I don’t know if parents today insist on their children developing a good handwriting. "You can tell a lot about a person from her handwriting," mine would often say, and buy books where you could practise the flow of ‘g’ or the abruptness of ‘r’ or the perfection of ‘o’. Cursive writing it was called, although I always misheard it as ‘curse of writing’.

Euclid once said, "Handwriting is a spiritual designing, even though it appears by means of a material instrument." He didn’t write it down, probably because he didn’t trust his handwriting.

I had handwriting that was a compromise between the rounded letters of my mother and the sharp style of my father. A bit of a hodgepodge, really.

But it passed muster because (to quote P G Wodehouse): "...there was practically one handwriting common to the whole school. It resembled the movements of a fly that had fallen into an ink-pot, and subsequently taken a little brisk exercise on a sheet of foolscap by way of restoring the circulation."

Having started somewhere near the bottom, my handwriting grew worse. And then came the personal computer. Now if I write to my grocer for a bunch of grapes, he is likely to send me a motorcycle and two shirts instead.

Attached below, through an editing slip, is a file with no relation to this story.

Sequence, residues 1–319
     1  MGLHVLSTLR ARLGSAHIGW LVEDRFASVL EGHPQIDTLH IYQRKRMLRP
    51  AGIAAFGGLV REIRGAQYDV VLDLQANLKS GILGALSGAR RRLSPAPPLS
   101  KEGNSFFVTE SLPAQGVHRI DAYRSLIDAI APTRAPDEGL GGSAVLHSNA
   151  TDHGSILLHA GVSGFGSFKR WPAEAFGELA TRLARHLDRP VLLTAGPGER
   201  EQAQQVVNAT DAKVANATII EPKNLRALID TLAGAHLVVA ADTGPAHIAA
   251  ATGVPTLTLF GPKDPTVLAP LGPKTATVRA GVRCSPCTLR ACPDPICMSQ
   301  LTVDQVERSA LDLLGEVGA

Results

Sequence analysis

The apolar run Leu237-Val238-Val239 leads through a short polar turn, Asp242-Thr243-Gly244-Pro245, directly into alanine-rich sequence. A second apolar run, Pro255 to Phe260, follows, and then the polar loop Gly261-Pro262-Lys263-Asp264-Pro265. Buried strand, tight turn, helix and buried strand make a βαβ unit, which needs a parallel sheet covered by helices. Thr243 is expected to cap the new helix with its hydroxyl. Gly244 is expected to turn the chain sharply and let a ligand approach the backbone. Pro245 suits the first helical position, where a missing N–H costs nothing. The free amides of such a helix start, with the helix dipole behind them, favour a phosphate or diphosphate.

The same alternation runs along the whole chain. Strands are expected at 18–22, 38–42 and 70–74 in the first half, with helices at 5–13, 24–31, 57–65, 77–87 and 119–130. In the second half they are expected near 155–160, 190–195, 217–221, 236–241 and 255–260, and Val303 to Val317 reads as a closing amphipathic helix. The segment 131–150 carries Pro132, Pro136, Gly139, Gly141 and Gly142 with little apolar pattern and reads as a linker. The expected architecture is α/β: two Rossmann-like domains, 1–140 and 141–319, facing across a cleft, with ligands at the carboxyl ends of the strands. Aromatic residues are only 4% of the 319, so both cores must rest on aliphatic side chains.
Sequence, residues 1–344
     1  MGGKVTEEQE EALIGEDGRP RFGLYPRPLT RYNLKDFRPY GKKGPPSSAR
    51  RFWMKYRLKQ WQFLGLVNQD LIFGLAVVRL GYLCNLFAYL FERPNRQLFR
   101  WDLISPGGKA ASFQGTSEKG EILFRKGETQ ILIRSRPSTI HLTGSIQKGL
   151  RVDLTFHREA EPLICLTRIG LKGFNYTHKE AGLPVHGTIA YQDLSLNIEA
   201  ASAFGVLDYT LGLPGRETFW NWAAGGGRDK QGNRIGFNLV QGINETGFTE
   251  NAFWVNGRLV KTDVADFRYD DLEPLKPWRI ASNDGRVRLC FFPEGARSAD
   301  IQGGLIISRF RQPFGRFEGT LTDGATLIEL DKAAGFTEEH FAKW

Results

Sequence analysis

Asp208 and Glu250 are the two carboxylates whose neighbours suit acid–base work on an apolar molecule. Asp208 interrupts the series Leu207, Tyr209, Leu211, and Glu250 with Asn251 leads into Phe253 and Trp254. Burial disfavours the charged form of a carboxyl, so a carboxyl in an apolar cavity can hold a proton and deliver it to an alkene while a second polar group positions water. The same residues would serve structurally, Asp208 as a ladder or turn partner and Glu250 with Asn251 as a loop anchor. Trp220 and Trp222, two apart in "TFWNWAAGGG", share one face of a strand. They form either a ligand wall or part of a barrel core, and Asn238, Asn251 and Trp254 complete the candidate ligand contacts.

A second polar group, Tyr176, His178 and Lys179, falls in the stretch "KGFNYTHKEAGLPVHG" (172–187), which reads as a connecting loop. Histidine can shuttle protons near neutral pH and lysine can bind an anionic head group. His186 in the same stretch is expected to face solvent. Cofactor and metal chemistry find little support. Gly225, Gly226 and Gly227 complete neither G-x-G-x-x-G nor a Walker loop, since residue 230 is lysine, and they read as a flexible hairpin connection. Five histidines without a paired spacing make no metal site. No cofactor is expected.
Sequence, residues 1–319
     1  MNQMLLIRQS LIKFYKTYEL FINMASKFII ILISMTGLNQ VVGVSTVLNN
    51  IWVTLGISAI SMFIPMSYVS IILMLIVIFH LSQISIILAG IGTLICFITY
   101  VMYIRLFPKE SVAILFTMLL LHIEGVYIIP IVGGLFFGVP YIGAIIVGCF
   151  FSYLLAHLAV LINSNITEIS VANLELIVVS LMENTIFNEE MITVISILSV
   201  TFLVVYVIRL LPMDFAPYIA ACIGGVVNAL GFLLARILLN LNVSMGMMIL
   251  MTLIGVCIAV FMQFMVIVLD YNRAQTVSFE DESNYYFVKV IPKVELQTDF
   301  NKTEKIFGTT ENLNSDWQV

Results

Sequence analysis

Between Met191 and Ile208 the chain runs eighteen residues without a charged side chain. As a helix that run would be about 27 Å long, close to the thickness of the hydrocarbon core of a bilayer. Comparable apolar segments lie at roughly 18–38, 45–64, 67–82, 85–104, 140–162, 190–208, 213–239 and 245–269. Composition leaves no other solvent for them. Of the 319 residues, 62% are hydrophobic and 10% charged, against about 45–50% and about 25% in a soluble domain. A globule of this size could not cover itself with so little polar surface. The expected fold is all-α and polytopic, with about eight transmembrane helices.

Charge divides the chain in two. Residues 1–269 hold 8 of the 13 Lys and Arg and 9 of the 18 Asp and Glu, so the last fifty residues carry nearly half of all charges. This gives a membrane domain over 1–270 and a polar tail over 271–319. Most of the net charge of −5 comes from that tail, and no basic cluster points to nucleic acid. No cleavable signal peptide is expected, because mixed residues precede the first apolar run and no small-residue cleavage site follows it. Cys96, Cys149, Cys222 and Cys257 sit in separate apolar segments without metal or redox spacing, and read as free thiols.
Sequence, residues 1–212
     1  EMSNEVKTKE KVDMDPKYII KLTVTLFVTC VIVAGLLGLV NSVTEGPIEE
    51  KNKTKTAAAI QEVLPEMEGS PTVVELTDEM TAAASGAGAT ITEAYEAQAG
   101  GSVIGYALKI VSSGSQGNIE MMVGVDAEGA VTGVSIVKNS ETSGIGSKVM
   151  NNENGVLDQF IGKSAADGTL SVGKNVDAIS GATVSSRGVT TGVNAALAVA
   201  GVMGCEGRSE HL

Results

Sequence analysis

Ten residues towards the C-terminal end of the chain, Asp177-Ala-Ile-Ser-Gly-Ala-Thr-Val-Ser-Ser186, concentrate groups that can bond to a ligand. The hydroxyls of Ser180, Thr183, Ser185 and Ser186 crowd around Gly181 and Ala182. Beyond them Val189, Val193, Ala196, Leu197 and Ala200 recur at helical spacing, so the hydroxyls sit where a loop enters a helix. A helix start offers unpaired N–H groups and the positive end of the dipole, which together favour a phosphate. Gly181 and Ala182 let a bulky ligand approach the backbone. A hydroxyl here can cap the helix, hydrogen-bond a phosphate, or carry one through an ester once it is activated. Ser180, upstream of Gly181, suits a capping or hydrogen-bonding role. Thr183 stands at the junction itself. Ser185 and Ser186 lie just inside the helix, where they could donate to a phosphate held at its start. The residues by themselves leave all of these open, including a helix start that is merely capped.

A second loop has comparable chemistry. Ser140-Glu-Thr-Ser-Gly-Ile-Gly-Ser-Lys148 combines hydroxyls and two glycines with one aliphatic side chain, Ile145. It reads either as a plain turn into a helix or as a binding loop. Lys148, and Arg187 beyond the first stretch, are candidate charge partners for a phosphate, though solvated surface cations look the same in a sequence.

Which is why I sympathise with Alan Slattery, 67, who in time-honoured fashion pushed a threatening note to a bank teller in Sussex. Do you remember that Woody Allen movie where a bank robber does the same with the message "I have got a gun", but gets into an argument with the bank staff because that last word reads like ‘gub’, and everyone wants to know what a ‘gub’ is? Theories abound while the thief loses his patience and walks away sheepishly.

Well, something similar happened to Mr Slattery in a case of life imitating art. Bank employees struggled to read his message which was quite simple, merely demanding that they hand over the cash. His handwriting was so terrible, however, that no one could read what he had written, and the bank’s money remained safe. The potential thief was forced to flee and was picked up by the police.

I don’t remember our parents all those years ago saying specifically that you needed to have good handwriting in order to hold up banks. Maybe if they had, we would all have better handwriting now.

I recently came across a school notebook of mine and was startled to see what my handwriting was once like. It was like looking at a photograph of yourself taken decades ago. You know it’s you, but you wonder what went wrong. You begin to ponder over the mysteries of time and eternity.

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